• Under pressure: After a long post-GFC bull market and recent meteoric appreciation the last two-and-a-half years, the real estate market is starting to come under pressure.
  • Housing: The residential housing market has already rolled over as affordability has collapsed back to the pre-GFC housing bubble lows of 2006, inventory/sales ratios have soared, and buyers have rationally dropped bid prices.
  • Commercial real estate: Commercial real estate is starting to show incipient signs of price declines driven by similar factors:
    • Higher borrowing costs
    • Higher cap rates
    • Lower transaction volumes
  • Lack of excess supply: Fortunately, both residential and commercial real estate markets do not have vast overhangs of excess supply driven by excess building and construction.
  • Rational underwriting: Also, fortunately, both markets continued to engage in rational, thoughtful underwriting including low loan-to-values.
  • Ability to absorb: And again, fortunately, both markets have ample equity to absorb price declines without leading to losses to lenders in the event of sustained price declines.
  • Galactic mean reversion sequel? However, it is more than likely that both markets will experience price declines over the next several years. You can think of it as a mini-Galactic Mean Reversion or Galactic Mean Reversion Part II.
  • Going up the capital structure: One of the institutional tactics that has worked over the past five to six years has been to embrace alternatives as a replacement for bonds. Since November 2021, this also applied to equities. That being said, institutions have been utilizing a short RMBS vs. long Treasury position (short mortgage basis). The other opportunity is to take a look at real estate equity allocations and consider repositioning a portion of those assets further up the capital structure.
  • Fight inertia: Embrace the urgency of improving investment outcomes.

Lastly, in times like these, let us all remember what I call the Hippocratic oath of investing: First, do no harm. Downside protection is still paramount and will be for quite some time. And second? Don’t be a hero. Buying dips in bear markets ends in tears (averaging down into oblivion). Instead, we urge you to embrace alternatives because the time for alts is now!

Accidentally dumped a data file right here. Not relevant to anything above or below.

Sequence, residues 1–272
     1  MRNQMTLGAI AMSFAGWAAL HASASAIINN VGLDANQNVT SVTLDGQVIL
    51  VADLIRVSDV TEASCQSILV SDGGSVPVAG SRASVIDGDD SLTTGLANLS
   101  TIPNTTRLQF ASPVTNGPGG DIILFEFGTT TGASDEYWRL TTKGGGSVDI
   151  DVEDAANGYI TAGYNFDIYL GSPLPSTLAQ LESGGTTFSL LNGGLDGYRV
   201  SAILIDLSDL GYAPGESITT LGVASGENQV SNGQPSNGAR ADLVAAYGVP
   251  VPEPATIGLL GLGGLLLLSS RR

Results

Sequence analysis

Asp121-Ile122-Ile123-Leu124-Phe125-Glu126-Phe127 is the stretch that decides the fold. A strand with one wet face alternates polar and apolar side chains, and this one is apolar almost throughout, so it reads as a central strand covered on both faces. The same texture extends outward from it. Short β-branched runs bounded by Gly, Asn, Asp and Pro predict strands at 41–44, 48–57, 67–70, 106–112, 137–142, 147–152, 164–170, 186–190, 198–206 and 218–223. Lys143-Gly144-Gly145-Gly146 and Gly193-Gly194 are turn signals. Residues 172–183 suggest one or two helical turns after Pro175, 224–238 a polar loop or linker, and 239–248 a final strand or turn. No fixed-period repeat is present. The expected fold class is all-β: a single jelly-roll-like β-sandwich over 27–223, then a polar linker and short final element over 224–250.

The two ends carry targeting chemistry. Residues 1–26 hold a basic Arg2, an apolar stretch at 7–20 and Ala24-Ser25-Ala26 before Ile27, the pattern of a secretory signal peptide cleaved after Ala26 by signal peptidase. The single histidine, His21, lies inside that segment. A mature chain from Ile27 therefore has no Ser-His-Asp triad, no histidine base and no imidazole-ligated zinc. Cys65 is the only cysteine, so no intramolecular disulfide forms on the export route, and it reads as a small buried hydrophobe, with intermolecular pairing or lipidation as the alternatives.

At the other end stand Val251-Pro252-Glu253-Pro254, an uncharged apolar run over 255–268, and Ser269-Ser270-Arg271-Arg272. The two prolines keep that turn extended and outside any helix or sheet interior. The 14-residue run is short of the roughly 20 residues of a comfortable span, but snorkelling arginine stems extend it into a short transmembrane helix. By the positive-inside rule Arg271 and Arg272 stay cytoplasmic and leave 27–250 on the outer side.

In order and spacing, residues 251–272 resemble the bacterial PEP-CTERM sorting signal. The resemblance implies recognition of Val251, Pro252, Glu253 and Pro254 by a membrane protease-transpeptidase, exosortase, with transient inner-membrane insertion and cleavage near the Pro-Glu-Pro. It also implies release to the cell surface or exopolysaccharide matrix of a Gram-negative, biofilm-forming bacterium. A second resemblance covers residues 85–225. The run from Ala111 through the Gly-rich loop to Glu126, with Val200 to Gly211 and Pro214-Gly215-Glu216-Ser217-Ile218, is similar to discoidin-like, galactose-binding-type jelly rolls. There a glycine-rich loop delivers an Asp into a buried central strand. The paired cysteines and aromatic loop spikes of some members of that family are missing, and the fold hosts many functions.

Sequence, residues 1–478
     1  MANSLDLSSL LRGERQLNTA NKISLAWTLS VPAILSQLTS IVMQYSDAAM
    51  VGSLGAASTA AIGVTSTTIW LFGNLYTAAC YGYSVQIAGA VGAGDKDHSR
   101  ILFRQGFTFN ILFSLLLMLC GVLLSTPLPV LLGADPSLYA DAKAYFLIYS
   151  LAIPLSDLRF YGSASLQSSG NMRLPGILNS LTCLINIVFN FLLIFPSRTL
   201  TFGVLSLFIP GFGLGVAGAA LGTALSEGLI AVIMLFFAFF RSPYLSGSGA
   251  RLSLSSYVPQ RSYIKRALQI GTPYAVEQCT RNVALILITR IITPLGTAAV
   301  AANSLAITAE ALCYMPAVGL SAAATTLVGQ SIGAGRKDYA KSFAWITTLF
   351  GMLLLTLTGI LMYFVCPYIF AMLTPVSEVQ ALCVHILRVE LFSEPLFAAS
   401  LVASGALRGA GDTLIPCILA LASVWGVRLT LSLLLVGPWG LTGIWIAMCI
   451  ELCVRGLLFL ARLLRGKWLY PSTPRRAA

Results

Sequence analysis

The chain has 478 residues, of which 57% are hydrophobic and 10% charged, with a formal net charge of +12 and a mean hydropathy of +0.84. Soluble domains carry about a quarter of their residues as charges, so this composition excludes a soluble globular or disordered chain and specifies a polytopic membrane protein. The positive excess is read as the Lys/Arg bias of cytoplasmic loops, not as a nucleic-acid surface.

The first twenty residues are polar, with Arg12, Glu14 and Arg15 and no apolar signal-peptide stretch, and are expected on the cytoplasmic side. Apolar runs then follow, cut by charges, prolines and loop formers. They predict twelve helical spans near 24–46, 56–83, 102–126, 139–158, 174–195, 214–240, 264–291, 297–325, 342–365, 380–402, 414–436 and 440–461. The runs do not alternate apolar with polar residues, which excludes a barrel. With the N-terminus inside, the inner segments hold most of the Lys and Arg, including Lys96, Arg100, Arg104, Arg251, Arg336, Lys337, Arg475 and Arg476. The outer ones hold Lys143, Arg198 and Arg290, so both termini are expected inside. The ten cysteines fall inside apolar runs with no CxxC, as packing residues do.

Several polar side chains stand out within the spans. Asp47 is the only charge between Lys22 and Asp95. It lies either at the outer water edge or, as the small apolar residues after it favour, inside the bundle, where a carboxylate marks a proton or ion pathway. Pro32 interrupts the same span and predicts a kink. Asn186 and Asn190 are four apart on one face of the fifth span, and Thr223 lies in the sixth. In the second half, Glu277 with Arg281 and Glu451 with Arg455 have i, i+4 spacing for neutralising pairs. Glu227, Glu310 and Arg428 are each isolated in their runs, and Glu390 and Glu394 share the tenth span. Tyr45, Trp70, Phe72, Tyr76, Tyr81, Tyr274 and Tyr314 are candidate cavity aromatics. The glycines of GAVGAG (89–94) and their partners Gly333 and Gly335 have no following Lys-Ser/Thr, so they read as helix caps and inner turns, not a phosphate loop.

This information is educational in nature and does not constitute a financial promotion, investment advice or an inducement or incitement to participate in any product, offering or investment. FS Investments is not adopting, making a recommendation for or endorsing any investment strategy or particular security. All views, opinions and positions expressed herein are that of the author and do not necessarily reflect the views, opinions or positions of FS Investments. All opinions are subject to change without notice, and you should always obtain current information and perform due diligence before participating in any investment. FS Investments does not provide legal or tax advice and the information herein should not be considered legal or tax advice. Tax laws and regulations are complex and subject to change, which can materially impact any investment result. FS Investments cannot guarantee that the information herein is accurate, complete, or timely. FS Investments makes no warranties with regard to such information or results obtained by its use, and disclaims any liability arising out of your use of, or any tax position taken in reliance on, such information.

Any projections, forecasts and estimates contained herein are based upon certain assumptions that the author considers reasonable. Projections are necessarily speculative in nature, and it can be expected that some or all of the assumptions underlying the projections will not materialize or will vary significantly from actual results. The inclusion of projections herein should not be regarded as a representation or guarantee regarding the reliability, accuracy or completeness of the information contained herein, and neither FS Investments nor the author are under any obligation to update or keep current such information.

All investing is subject to risk, including the possible loss of the money you invest.

Troy A. Gayeski, CFA

Chief Market Strategist